Central European fears and the German ‘question mark’

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Central European countries are worried about their security – but while Russia may be the obvious threat, Germany's changing role and its warming relations with Moscow are troubling Warsaw and other capitals, writes the Geopolitical Diary at global intelligence company Stratfor.

The following contribution was sent to EURACTIV by the Geopolitical Diary at Stratfor.

''Perusing the collection of US diplomatic cables released by WikiLeaks, we came across what we at STRATFOR consider a gem of recent history.

Gerard Araud, now the French permanent representative to the United Nations, briefed several US officials in late February 2007 on the difference between the purpose of NATO in 2007 and during the Cold War. Recounting an adage, he said that during the Cold War, NATO was supposed 'to keep Germans down, the Russians out and the Americans in'.

But in 2007, NATO's purpose was 'for the newer European and Baltic members — given their fear of Russia, rational or not — to keep the Americans in'. Araud added: 'For other members, NATO provides a way to meet their defence — without having to pay for it.'

The assessment of NATO's contemporary role by a high-ranking French official from 2007 resonates very much in November 2010. On Tuesday, there were a number of events that reminded STRATFOR just how worried Central and Eastern Europeans are about their security.

The Wall Street Journal reported that Russia had moved ground-based tactical nuclear warheads to its borders with NATO member states sometime in the spring. Quoted in the same article, Lithuanian Foreign Minister Audronius Azubalis said, 'Being a NATO member, of course, someone could say, 'Don’t worry.' But when you're living in the neighborhood, you should always be more cautious.'

STRATFOR has written before of the Russian plans to deploy the nuclear-capable Iskander-M (known as the 'Tender') short-range ballistic missile throughout the country. While The Wall Street Journal report is likely referring to this missile system and therefore does not expose a new threat, the timing of the report is very telling.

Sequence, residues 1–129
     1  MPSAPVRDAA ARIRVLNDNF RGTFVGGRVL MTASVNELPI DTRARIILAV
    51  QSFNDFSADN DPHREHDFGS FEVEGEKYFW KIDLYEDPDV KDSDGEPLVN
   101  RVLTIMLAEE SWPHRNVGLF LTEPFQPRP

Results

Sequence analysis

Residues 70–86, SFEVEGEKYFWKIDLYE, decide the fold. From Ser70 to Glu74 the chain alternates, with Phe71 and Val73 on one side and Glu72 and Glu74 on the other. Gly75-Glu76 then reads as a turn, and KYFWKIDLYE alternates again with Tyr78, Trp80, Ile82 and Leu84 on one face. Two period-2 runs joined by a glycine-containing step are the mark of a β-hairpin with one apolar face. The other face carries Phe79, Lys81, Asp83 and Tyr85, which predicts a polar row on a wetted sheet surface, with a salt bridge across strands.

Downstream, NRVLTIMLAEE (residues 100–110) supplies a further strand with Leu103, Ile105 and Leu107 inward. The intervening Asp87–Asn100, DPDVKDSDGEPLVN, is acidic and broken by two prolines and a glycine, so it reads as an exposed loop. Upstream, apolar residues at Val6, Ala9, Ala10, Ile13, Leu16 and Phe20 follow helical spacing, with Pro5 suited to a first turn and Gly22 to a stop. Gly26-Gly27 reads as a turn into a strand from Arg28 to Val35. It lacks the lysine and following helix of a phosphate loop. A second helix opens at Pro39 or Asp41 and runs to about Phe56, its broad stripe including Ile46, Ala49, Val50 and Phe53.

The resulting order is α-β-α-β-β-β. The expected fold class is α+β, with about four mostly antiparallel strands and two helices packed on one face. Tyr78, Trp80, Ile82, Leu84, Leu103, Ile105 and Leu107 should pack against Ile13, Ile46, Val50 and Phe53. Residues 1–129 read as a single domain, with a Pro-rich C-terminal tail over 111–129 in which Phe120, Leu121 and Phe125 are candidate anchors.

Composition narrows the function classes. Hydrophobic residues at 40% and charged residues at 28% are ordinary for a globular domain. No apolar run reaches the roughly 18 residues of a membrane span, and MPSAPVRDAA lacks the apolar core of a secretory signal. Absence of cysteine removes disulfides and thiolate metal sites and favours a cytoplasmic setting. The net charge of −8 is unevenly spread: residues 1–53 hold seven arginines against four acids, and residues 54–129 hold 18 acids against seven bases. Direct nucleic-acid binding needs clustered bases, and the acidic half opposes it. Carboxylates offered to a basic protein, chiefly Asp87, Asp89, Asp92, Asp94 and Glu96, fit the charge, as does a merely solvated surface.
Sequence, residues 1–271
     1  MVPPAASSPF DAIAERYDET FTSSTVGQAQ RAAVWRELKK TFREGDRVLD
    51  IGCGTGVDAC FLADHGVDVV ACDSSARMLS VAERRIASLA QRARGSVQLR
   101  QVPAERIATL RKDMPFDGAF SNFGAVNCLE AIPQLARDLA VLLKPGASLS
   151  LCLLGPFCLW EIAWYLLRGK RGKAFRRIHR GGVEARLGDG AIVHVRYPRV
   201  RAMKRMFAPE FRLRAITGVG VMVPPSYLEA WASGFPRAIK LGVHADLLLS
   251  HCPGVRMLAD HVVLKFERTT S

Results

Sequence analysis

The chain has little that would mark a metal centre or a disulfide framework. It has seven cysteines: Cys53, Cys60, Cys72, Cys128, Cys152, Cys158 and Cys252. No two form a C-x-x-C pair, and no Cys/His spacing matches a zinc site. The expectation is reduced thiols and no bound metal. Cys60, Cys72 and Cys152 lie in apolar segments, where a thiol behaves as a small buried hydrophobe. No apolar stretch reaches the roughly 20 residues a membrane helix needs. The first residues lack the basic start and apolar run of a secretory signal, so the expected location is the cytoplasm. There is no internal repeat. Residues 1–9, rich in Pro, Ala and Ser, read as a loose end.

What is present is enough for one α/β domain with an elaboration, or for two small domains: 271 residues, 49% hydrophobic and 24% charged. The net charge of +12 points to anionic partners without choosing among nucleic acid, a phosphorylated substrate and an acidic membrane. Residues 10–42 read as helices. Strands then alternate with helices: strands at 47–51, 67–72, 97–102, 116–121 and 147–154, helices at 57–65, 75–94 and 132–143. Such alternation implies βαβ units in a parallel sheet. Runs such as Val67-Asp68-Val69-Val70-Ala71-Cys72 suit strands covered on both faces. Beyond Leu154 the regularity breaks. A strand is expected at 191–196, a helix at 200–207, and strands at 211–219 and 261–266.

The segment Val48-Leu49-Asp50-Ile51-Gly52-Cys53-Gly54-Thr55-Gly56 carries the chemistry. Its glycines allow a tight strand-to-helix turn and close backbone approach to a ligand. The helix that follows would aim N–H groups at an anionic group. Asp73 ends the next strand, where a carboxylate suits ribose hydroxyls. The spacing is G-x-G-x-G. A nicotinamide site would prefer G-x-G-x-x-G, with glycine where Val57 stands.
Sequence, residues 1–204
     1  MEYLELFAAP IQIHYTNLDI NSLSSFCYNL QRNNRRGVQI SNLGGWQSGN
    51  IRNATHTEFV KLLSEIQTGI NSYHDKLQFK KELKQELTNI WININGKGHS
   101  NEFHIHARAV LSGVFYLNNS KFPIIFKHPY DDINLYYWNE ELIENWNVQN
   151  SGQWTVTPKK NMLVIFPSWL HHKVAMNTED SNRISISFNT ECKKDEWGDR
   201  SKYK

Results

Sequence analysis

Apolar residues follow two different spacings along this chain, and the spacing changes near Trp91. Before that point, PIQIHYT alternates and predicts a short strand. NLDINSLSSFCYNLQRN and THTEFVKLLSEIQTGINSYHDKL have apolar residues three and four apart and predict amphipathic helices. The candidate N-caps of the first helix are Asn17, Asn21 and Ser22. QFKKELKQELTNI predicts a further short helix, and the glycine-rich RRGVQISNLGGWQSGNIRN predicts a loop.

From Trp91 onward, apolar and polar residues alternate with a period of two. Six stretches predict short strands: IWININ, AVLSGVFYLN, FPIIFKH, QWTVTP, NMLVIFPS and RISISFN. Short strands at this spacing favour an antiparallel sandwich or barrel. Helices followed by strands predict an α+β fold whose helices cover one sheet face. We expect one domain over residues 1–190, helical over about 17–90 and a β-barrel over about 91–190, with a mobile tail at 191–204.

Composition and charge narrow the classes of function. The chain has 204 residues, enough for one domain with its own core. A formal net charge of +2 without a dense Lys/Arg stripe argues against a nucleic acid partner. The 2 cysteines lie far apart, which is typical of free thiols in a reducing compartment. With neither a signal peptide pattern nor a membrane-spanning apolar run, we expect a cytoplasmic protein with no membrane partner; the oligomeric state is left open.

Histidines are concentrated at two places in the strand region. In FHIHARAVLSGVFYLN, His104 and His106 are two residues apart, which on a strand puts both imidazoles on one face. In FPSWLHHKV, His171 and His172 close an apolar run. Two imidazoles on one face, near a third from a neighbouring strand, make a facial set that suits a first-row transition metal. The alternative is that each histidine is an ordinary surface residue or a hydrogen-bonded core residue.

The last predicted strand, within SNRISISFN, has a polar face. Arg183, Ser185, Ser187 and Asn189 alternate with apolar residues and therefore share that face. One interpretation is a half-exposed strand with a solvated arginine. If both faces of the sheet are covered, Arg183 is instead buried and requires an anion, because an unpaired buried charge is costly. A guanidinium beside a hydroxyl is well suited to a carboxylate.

It comes mere hours after Russian President Dmitri Medvedev warned in his State of the State address that if an agreement with the West was not reached on ballistic missile defence, the world would 'plunge into a new arms race'.

But Tuesday was not only illustrative of the Russian threat; it also brought examples of how Central Europe, from Warsaw to Bucharest, may be planning to push back against Russia.

Faced with the US obsession with the Middle East, which the WikiLeaks cables illustrate, Central Europe is beginning to organise its initiatives to bring the United States to the region and to create independent means to push back against Russian resurgence.

First, Poland and Sweden continued their diplomatic pressure on Ukraine, a key border state that is firmly in the Russian sphere, but that Sweden and Poland want to target as part of their jointly coordinated European Union Eastern Partnership initiative. It was revealed Tuesday that the Ukrainian foreign minister will visit Sweden on 6 December following an 18 November visit by the Swedish and Polish foreign ministers to Ukraine. Polish Senate Speaker Bogdan Borusewicz was also in Ukraine Tuesday and suggested that the Odesa-Brody oil pipeline could be extended to Gdansk in Poland.